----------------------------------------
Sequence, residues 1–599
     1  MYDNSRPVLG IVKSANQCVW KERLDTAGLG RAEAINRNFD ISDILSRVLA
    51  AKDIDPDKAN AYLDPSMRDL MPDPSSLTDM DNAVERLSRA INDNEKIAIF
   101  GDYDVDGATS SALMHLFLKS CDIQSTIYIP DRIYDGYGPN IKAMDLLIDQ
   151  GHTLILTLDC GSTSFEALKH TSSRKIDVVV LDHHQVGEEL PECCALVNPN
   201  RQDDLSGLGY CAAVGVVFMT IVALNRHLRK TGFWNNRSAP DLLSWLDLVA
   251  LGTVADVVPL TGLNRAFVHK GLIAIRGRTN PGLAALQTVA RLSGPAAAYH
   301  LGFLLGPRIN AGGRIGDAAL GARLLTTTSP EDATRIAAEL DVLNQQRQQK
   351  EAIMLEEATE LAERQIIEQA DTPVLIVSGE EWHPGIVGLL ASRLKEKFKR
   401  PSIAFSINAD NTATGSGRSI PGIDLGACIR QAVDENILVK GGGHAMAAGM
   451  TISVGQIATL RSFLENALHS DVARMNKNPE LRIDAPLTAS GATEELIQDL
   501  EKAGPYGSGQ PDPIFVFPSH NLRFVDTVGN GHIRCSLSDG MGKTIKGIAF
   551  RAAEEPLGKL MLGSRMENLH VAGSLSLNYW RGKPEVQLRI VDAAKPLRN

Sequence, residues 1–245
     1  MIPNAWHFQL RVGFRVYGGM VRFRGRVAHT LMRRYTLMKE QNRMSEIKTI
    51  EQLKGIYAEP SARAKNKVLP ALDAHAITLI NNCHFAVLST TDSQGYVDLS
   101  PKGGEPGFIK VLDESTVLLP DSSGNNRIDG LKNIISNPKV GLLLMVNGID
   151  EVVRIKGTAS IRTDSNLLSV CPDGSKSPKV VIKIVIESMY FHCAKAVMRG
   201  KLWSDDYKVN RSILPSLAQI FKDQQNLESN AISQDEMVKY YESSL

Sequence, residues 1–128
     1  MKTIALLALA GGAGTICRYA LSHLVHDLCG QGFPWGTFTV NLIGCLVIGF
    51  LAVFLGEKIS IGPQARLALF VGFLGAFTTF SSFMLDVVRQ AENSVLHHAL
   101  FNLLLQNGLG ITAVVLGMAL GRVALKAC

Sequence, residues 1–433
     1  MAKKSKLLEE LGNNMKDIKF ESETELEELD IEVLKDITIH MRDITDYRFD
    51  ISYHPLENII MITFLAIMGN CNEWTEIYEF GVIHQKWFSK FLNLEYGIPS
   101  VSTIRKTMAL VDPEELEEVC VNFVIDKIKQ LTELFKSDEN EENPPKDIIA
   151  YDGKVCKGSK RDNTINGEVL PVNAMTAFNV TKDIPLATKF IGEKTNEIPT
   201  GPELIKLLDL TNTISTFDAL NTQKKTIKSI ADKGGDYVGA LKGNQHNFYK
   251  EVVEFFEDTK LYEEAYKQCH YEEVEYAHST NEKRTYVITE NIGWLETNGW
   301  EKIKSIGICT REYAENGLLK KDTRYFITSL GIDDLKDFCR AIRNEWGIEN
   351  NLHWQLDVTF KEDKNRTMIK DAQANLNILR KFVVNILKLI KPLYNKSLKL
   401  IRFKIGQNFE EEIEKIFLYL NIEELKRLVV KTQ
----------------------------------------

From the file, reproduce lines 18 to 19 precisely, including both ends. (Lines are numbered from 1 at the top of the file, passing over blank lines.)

   151  EVVRIKGTAS IRTDSNLLSV CPDGSKSPKV VIKIVIESMY FHCAKAVMRG
   201  KLWSDDYKVN RSILPSLAQI FKDQQNLESN AISQDEMVKY YESSL